Unlike Downey's article which is a thorough review of the relevant literature that concludes with the author's synthesis of appropriate recommendations that could be implemented in a classroom-based setting, this article by Darlene is mostly a plain review rather than an analysis of the literature. One confounding aspect is the discussion of studies that report that resilient children have, "traits in common such as higher intelligence, lower thrill seeking, lower associations with delinquent peers, and an absence of anti-social behaviours, substance abuse and juvenile delinquency" [Darlene Brackenreed (2010), pg 4] Does this mean that personal traits are as important as providing caring adult support?
The article however, does point out some valid points as mentioned above. The article concludes with a discussion of personal life experiences of the author, which though stated with a view to provide an example of the hardships that a student from a disadvantaged family experiences, makes the article more of a life story and a general social discussion of the disadvantaged children. The one point the author stresses much in this article however, is the important role of the teacher as a model citizen, sensitive to the needs of the pupil. In her own life she stresses how she was fortunate to have understanding teachers and how it helped her to succeed in her academic pursuits in spite of her troubled family environment and personal life. A positive interventional model as opposed to a deficit model involving a proactive approach from the teachers and the academic community is stressed. [Darlene Brackenreed, (2010)]
It is surprising to see that both the above-discussed articles failed to stress the UN convention on the rights of child considering the significant positive impact it could have in protecting children from violent experiences during their young age. And as Covell K. & Howe (2009) discuss in their book, "Punitive responses to problem of violent children are not effective. In schools, commonly used strategies such as expulsions, suspensions and zero -- tolerance policies have had little if any impact on reducing violence among school children." [Covell K. & Howe (2009), pg 12] the authors of this book on children's rights stress how educating parents and children about the child's rights would provide them the much-needed security by elevating "the status of children to persons with rights ." [Covell K. & Howe (2009), pg 19] This appreciation of child rights was emphasized in an early research by the same authors. Covell K. & Howe (2001), in their study 'Moral education through the 3 Rs: Rights respect and responsibility' showed that creating awareness among school children about their rights creates a positive impact and improves their educational resiliency. The researcher's developed a 'Rights curriculum' (as under the UN convention) and implemented it in health and social studies classes for Grade 8 students (age 13 to 15) in five different schools over a period of 6 months and assessed the effect. As the authors report, "Assessment of the impact of the rights curriculum showed that, when compared with their peers who did not receive the rights curriculum, the adolescents who did indicated higher levels of self-esteem, perceived peer and teacher support and increased rights-respecting attitudes." [Covell K. & Howe (2001)] This research makes it clear that academic curriculum should incorporate lessons related to the Child rights as it increases the self-esteem and keeps the children knowledgeable about their rights and how to better manage their problems when their basic rights are violated.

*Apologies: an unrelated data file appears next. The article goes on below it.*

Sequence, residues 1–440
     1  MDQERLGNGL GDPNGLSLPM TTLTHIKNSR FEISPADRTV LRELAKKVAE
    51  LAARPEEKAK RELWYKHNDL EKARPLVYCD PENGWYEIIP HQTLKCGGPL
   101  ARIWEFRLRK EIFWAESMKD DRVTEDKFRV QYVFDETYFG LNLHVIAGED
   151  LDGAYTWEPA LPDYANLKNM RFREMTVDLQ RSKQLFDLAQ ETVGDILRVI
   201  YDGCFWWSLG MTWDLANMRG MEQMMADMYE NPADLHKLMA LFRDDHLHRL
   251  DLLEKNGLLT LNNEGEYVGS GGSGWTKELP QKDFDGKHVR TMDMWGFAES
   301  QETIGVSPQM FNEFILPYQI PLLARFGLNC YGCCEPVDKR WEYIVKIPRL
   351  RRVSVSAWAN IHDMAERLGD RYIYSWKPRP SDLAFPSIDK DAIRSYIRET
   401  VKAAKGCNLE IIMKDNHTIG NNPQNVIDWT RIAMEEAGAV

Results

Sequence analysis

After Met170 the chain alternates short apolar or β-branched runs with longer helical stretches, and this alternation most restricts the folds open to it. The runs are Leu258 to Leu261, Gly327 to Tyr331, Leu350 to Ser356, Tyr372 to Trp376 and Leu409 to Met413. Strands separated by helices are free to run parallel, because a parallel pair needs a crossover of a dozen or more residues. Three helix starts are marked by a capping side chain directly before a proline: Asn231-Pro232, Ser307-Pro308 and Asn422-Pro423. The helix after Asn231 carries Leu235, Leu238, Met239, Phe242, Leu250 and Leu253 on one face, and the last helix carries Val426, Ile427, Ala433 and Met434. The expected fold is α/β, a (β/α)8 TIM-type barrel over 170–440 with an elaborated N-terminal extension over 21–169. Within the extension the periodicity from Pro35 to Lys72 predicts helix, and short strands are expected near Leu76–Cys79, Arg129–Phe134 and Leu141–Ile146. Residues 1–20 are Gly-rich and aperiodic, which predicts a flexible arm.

Education is a basic right of every child in the world and it is the responsibility of the government and academic policy makers to ensure that every child is entitled to quality education. Children coming from adverse and violent family backgrounds invariably suffer in their academic performance that has severe and direct repercussions for their future. Given the disparity in the socio economic backgrounds and the varied environments in which children grow up, some children are at a natural disadvantage. However, as the studies discussed above have shown, even children from these difficult life environments can defy all odds stacked against them and be successful in their academic pursuit. As Downey, J. (2008), reported, many factors ranging from 'rapport between students and teachers', 'classroom ambience', improved 'instructional strategies' and development of 'student skills' are known to contribute to this educational resilience exhibited by students who hail from adverse environmental settings. Also, as Darlene Brackenreed (2010) opines, teachers who are affable, understanding and listening are indispensable to improve the educational resiliency among the at risk children. Following a deficit model is bound to fail. Also, simple curriculum modifications will not provide the results. Students need the support implemented in their every day classrooms. A classroom-based approach where all the recommended principles and teaching methodologies are applied on a day-to-day basis is necessary to build educational resilience among children.
1) Downey, J. (2008). Recommendations for Fostering Educational Resilience in the Classroom. Preventing School Failure, 53(1), 56-64. Retrieved from Education Research Complete database